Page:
Traders say Delhi govt should have consulted before announcing night curfew
As the clock struck eight, Amrit Kishore quickly packed the last set of cotton t-shirts that were put on display outside his 30-square-feet shop in Sarojini Nagar before he could pull down the shutter and travel nearly 35 kms on his scooter to reach his residence at Jharoda in the southwest Delhi.
“It would be better if the government had given us some more time. Traders would be more prepared,” said Kishore, referring to the government announcing a night curfew in the city on Tuesday in the light of a severe spike in the Covid-19 cases in the Capital. On Tuesday, Delhi recorded 5,100 new cases and 17 more deaths.
Market associations, traders and business owners across the city said they were not prepared for a curfew with some of them saying that to ensure that they reach home by 10pm, they will have to shut their shops early. Several of them also criticised the government’s move questioning the efficacy of night curfews in arresting the rapid spread of Covid-19.
During the seven-hour curfew period, from 10 pm to 5 am, movement of only government officials, healthcare workers, those working for essential services or arriving at airports, railway stations or interstate bus terminals (ISBTs) and those travelling for Covid-19 vaccination or any medical treatment will be allowed
“We hardly got time to initiate an awareness drive. People learnt about the night curfew after they arrived in the market today. We still managed to ensure that all shops are closed by 8.30pm. On usual days, they wrap up by 10 pm. Several traders come from faraway places such as Ghaziabad and Gurugram. The night curfew will pose additional challenges for them,,” said Ashok Randhawa, president of Sarojini Nagar mini market welfare association.
Devraj Baweja, general secretary of confederation of Sadar Bazar traders’ association, said it was a difficult task today to ensure that the market closed exceptionally early on Tuesday. “Also, the news of the night curfew spread panic among traders and workers. The government should have done this in a more systematic manner and given more time to the traders,” Baweja said.
The night curfew meant restaurants, bars and pubs in the city had to wrap up quickly for Tuesday and make plans for the days ahead.
Manpreet Singh, treasurer of the National Restaurants Association of India, said the government should have held discussions with hotels and restaurant groups before taking the decision. “I personally do not see a solution in night curfews, especially when the central government has also said that such a curb is not much efficient. It will adversely affect hotels and restaurants which are already in poor shape because of the pandemic and lockdown.”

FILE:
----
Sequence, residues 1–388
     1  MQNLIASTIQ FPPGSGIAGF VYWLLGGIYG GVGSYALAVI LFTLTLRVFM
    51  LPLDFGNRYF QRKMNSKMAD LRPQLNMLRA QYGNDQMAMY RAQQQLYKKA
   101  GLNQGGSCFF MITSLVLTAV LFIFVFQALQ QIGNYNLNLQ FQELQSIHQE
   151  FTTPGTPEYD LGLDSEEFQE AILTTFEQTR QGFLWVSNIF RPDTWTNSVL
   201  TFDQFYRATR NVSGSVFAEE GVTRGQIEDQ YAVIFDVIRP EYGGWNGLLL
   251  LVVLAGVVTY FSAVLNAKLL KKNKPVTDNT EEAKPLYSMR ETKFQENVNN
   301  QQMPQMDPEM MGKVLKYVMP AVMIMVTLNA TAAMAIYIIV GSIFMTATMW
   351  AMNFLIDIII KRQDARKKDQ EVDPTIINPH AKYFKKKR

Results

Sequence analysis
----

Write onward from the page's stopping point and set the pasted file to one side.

The night curfew also means several hotels now have to make special arrangements for clients who had already booked halls for weddings and private functions this month.
Rohit Arora, area general manager of The Park hotel in Connaught Place said, “We adopted flexible timings for weddings and other events. We have rescheduled the events to a couple of hours earlier, which allows both the guests to enjoy their event and us to be a law-abiding entity. We are sensitive about guest security and place utmost importance on safety and hygiene, hence in case of weddings, we are requesting guests to stay back in our hotel rooms for the night. As far as dining is concerned, our in-house guests are welcome to eat till midnight. We stand both by the law and order and our patrons to operate smoothly.”
Several banquet hall and hotel owners in the city said that they started calling up their clients after the news of the night curfew broke out on Tuesday, telling them that they will have to wrap up the celebrations by 10 pm now.
“Several clients were already agitated after the government limited the number of guests in marriage functions. Now the night curfew order means they will have to wrap up their limited celebrations too by 10 pm. It is getting difficult for us to convince them. But it is a government order and has to be followed,” said Purushottam Kalra, president of Shamiyana Dealer Vyapar Sudhar Samiti – an association of banquet halls in the city.
Last month, the government imposed a cap of maximum 200 guests for marriage functions hosted outdoors, 100 for indoors and 50 for funerals.
Sandeep Khandelwal of Delhi hotels and restaurants owners’ association said: “The government should have talked to hotel, restaurant and banquet hall owners before taking this call. Compliance was difficult on Tuesday because the order was issued on such short notice. But the coming days will pose financial challenges. The hospitality industry is already in poor shape.”